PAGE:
RENGO (Japanese Trade Union Confederation) held a meeting of its Central Committee in Chiba Prefecture on November 27 and decided its policy for the 2016 spring struggle for the betterment of livelihood (shunto). In order to realize a positive cycle of the Japanese economy, the policy emphasizes the raising and uplifting of wages and the correction of disparities. Regarding small and medium-sized firms, RENGO advocates a wage hike of more than 10500 yen. And regarding nonregular workers, it urges the introduction and clarification of rules for their switch to regular employment status and wage hikes aimed at realizing a level of at least 1000 yen per hour for everyone.
While maintaining the conventional spring struggle strategy of having large company unions set the market level for wage hikes and letting it filter down throughout the whole labour force, RENGO states clearly that it will try and promote a campaign that moves away from the structure of following and complying with unions in large companies and urges unions in small and medium-sized firms to take the initiative and conduct their own independent activities.
RENGO President Rikio Kozu stated, "For this purpose also, it is necessary for us even more than last year to emphasize dialogue with society and engage in an open spring struggle. We must spread the social awareness that in order to create the financial sources for improving working conditions, it is necessary to ensure that added value is distributed through fair business between companies and returned to workers."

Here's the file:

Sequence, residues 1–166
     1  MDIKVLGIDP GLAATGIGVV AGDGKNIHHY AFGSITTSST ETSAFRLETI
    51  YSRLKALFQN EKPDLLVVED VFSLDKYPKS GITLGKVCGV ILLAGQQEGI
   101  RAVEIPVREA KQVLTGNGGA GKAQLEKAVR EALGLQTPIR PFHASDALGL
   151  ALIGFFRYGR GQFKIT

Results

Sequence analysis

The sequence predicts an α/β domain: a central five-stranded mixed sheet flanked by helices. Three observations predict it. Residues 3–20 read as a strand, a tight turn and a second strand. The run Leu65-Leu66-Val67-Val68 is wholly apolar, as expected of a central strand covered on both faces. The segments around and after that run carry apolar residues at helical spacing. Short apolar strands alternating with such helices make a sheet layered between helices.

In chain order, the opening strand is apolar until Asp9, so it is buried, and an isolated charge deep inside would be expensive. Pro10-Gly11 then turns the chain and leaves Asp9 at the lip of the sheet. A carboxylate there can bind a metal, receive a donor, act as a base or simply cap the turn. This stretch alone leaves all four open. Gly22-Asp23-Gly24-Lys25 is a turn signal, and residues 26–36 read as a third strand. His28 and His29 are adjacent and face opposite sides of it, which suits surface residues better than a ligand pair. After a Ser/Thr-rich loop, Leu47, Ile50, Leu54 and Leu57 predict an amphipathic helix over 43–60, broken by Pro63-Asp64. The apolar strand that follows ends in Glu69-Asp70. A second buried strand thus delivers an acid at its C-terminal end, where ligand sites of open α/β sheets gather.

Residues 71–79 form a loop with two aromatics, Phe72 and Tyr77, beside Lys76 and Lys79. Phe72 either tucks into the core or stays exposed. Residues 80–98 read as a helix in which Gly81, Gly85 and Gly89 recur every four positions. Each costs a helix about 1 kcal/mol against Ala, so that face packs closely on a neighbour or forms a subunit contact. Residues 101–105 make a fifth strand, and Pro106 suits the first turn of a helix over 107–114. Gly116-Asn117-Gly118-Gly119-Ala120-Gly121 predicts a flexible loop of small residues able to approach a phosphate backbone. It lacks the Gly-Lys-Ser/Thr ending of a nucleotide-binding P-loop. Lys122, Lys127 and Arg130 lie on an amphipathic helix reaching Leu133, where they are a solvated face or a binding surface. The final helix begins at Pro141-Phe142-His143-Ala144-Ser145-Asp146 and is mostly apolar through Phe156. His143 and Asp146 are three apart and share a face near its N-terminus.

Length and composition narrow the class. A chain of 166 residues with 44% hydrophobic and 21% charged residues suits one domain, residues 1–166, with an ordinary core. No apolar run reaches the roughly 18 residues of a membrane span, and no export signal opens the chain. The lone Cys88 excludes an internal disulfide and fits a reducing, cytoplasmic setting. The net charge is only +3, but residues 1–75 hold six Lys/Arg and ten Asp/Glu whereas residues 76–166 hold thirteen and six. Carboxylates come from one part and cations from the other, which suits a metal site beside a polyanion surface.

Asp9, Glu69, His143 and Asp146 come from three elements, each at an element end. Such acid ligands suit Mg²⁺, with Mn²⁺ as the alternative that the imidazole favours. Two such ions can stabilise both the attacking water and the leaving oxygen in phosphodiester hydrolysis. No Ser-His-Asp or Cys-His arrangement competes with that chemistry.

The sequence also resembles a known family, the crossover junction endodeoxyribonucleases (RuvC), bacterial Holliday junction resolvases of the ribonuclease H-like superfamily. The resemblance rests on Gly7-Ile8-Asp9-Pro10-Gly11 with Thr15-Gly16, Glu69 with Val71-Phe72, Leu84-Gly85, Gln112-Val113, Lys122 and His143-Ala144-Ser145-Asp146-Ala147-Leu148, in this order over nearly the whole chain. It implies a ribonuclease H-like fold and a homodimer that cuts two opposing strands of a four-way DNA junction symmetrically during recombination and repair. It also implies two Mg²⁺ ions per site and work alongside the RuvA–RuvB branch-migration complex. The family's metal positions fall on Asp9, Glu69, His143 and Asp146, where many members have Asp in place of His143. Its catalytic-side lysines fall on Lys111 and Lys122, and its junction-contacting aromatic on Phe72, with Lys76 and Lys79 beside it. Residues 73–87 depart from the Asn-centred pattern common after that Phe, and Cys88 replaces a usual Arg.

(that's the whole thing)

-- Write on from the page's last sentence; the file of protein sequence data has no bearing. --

RENGO proposes wages demands totaling around 4%, consisting of a basic raise of around 2% plus the regular wage hike. RENGO recognizes that in order to realize a positive economic cycle, it is necessary to raise the wages of employed workers by about 2%. In monetary terms, from the perspective of correcting disparities with large companies, this means that unions in small and medium-sized forms should demand around 10,500 yen, the same as last year.
Regarding nonregular workers, RENGO places special emphasis on their switch to regular employment or unfixed-term status. Citing the aim of realizing a level of at least 1,000 yen per hour for everyone, it proposes an hourly wage hike of 37 yen in cases where this level has already been reached.
In the discussions, the Japanese Association of Metal, Machinery, and Manufacturing Workers (JAM) expressed its support for a policy oriented toward the realization of a positive economic cycle and stated that such a campaign would also foretell wage hikes in 2017 and beyond. Shitetsu Soren (General Federation of Private Railway and Bus Workers’ Unions of Japan) explained the current labour shortage and said that "We intend to compose our demands in accordance with this line of around 4%."